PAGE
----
The growth of renewable energies and other climate-friendly technologies will create jobs all over the world
We should seize these opportunities and take the necessary measures now to get there. In Germany we aim to reduce our greenhouse gas emissions by 80-95 per cent by 2050 as compared with 1990. Interim goals have been set for the near future, especially for 2020. By 2020 we aim for a reduction of greenhouse gas emissions by 40 per cent.
We reached a reduction of 24 per cent in 2013, but in 2014 scenarios showed that if we did not increase efforts for climate protection, we would clearly miss the 40 per cent goal. Hence the Federal government passed the Climate Action Programme 2020, which comprises measures in all emissions sectors, i.e. energy, industry, transport, agriculture, building, private households, small consumers, and remaining emissions, e.g. from waste.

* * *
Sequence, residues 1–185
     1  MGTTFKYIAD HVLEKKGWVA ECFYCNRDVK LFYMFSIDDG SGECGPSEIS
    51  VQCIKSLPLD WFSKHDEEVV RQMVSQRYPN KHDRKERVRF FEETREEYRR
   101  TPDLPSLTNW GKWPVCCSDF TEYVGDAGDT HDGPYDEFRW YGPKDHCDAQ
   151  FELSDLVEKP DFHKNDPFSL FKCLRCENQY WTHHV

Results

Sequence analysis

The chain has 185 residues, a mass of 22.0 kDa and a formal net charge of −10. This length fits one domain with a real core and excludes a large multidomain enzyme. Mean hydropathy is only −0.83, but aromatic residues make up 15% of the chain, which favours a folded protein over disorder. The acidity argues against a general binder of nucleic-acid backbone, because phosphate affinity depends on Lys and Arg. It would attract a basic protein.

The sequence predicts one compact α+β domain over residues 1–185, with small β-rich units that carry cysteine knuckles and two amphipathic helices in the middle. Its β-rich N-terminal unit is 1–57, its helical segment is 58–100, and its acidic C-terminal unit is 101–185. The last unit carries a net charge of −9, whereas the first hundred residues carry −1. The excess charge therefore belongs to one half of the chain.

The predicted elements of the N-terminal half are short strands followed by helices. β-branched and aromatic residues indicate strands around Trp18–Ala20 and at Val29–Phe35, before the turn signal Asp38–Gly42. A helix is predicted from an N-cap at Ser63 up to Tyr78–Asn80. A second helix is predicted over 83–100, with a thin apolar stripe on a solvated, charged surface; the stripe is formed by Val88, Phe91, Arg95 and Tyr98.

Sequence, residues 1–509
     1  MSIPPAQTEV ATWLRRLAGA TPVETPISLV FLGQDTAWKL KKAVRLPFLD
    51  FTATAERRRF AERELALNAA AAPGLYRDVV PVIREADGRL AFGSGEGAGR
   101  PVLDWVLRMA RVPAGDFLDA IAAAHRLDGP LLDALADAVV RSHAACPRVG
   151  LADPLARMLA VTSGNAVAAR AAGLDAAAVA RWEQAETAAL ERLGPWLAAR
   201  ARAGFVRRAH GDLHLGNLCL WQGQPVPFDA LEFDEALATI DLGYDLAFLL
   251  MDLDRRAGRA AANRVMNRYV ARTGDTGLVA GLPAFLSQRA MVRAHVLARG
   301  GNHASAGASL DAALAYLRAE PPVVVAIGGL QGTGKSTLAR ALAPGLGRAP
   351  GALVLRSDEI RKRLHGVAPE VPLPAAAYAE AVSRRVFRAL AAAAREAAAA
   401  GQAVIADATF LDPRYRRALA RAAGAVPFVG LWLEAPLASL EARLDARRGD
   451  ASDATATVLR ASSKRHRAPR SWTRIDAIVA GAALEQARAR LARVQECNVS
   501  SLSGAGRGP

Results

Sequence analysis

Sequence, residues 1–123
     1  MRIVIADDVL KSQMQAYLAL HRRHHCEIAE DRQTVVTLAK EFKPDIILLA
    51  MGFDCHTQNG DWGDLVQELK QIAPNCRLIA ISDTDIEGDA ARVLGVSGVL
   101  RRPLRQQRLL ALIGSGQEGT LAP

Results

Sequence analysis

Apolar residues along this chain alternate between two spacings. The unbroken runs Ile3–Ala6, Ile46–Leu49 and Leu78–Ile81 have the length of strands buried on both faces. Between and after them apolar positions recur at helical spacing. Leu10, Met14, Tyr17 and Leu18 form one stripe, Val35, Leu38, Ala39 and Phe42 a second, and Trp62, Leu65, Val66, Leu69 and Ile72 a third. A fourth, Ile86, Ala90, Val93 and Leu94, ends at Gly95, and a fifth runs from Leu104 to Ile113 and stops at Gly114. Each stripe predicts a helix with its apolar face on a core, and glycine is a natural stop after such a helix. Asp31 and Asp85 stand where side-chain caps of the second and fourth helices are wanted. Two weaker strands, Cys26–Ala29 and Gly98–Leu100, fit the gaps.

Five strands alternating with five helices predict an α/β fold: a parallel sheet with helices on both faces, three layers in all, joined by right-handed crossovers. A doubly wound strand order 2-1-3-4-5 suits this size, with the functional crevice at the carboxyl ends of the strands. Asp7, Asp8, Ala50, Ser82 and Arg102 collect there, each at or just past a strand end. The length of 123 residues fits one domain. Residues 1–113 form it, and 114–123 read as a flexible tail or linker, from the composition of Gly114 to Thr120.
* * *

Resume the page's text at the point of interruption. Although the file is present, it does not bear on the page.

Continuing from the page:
Also for the German Energiewende – the complete and sustainable transition of the energy sector until 2050 by meeting our future power and energy supply needs largely from renewable sources and by considerably increasing energy efficiency while phasing out nuclear power by 2022– the main driver is to meet our goals for reducing greenhouse gas emissions.
This long-term process is on track, essential targets have been reached already and important decisions have been taken. The share of renewables in electricity supply for example reached an all-time high of roughly 28 per cent in 2014 – here renewables have already replaced lignite as the most important energy source.
The current relatively high CO2 emissions are mainly due to high electricity export rates. In order to reduce CO2 emissions in electricity generation and to meet our climate targets, the heads of the government coalition in Germany agreed in early July to shut down coal-fired plants by 2020 in addition to the closures already announced.
Planning to 2050
Of course, the transformation is not exclusively about electricity. We are now entering a process to develop national milestones concerning the other emission sectors as described above. Not only do we need intermediate goals, but we also need to identify which fields of actions should be addressed and which measures should be taken when.